The other day, during the Nuclear Summit in Seoul, unawares of the live microphone – or maybe very much aware of it – the President of the United States was heard saying to the President of the Russian Federation that he would have after the November elections in the United States more flexibility with respect to the East European missile defense system/shield – a topic of interest to the Russian Federation. What should be the Iranian and Israeli governments’ take from this comment – “greater flexibility after the election?”
First, the Israeli government – Already the Obama Administration has leaned on Israel to forego the military strike against Iranian nuclear sites and give time to the sanctions and diplomacy to work. This leaning on Israel has come during an election year, when U.S. presidents typically give Israel a free reign, fearing a backlash from Jewish voters and the hawks of both parties. If Israel is serious about attacking the Iranian nuclear sites – one would think – the Obama “gaffe” signals that perhaps after the elections the U.S. would put even greater pressure on Israel to forego the military option. Or maybe not – maybe all this leaning on Israel for now is to make sure that the U.S. does not get dragged into another war, which could dim the President’s re-election prospects. But then, with every Republican candidate for presidency – minus Ron Paul – engaging in “war talk” - one would think that an Israeli attack on Iran would not make much of a difference in the President’s re-election prospects.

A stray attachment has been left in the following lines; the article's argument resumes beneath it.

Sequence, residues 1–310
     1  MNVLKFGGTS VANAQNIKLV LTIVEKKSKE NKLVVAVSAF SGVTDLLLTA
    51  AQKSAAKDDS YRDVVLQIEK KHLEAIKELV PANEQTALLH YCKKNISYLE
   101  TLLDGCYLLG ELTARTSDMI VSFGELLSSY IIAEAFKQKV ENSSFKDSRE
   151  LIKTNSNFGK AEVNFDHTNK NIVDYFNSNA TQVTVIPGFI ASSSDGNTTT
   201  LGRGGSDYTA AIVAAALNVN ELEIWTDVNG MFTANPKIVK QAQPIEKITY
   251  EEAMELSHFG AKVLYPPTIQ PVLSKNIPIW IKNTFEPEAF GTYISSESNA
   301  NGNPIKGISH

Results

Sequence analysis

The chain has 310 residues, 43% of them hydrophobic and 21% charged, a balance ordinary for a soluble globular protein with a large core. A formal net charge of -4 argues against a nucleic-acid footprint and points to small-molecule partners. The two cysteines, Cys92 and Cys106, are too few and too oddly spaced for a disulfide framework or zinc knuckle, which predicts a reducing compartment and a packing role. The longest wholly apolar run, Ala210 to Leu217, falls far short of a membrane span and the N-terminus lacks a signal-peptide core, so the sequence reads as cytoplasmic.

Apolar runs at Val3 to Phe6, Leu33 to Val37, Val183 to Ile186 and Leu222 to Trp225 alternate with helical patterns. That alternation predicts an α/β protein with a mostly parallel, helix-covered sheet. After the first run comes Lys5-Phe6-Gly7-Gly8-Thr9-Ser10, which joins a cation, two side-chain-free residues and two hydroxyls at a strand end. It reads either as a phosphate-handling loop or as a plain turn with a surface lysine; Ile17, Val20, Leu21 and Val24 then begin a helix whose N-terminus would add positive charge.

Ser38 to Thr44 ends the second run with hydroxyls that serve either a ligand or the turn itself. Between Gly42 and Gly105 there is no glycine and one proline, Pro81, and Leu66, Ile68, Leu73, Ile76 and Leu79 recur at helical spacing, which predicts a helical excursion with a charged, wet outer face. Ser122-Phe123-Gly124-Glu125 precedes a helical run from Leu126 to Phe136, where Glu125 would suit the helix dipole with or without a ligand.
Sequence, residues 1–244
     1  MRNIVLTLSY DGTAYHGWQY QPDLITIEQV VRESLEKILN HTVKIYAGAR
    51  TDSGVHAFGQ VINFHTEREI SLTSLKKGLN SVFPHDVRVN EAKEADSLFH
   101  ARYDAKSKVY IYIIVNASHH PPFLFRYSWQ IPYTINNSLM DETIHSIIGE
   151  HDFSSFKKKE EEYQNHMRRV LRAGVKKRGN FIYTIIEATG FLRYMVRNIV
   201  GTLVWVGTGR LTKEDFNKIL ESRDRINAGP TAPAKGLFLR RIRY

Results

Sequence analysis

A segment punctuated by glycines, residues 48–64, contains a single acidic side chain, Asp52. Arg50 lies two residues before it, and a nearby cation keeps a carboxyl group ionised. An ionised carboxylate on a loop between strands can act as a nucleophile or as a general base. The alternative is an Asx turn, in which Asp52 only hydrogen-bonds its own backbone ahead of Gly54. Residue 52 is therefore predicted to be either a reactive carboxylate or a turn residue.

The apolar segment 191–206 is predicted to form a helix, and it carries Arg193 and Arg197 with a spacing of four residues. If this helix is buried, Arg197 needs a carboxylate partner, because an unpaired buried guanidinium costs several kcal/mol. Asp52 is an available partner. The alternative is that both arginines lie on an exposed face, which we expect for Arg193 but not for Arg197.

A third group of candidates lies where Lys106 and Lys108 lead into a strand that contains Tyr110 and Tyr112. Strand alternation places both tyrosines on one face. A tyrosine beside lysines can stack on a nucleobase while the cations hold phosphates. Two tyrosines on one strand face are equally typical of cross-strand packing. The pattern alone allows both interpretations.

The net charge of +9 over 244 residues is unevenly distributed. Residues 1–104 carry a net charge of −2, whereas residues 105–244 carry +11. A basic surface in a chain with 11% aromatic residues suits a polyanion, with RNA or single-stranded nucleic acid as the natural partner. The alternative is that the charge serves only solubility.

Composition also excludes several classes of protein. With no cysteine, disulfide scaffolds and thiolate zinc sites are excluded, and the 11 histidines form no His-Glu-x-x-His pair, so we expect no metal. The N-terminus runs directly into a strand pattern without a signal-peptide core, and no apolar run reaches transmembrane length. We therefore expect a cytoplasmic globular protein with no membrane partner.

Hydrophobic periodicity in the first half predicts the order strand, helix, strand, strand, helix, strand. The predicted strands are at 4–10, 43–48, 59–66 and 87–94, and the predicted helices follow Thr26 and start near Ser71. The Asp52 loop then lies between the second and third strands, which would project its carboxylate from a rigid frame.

Israel may well want to consider a strike before the U.S. presidential elections, for the fear that after the re-election, the Obama Administration would nix any talk about military strike on Iran. Meanwhile, the Israeli calculus presently will take account of the fact that the Obama Administration – as reluctant as it may be – would have to stand by Israel if Israel launched a strike on Iran before the November elections. So – all this points to a short calendar, from today until Labor Day, for Israel to strike Iran if it were to do so.
In Tehran, the “flexibility gaffe” may have a different resonance. The whole sales pitch behind the U.S.-sponsored European missile defense program in Eastern Europe has been about thwarting the Iranian missile strikes on European targets. If after the election, the U.S. would become “flexible” – meaning, conciliatory and concessionary – with respect to the deployment of missile defense in Eastern Europe, it would be in part because the Iranian threat – actual or perceived – is no longer there or substantially degraded. That means only two things: Either, an Israeli/American strike on Iranian nuclear and missile sites right will have come after the November elections, or the Iranian government has come completely clean and submitted to a verifiable removal of intermediate-range missiles and military nuclear materials. With the Iranian threat gone, the post-election U.S. can give up the East European missile defense program, per the wishes of the Russian Federation.
Now – in Moscow – would not the Russian President – present and future – lean on Iran to avert a military strike on Iranian soil.
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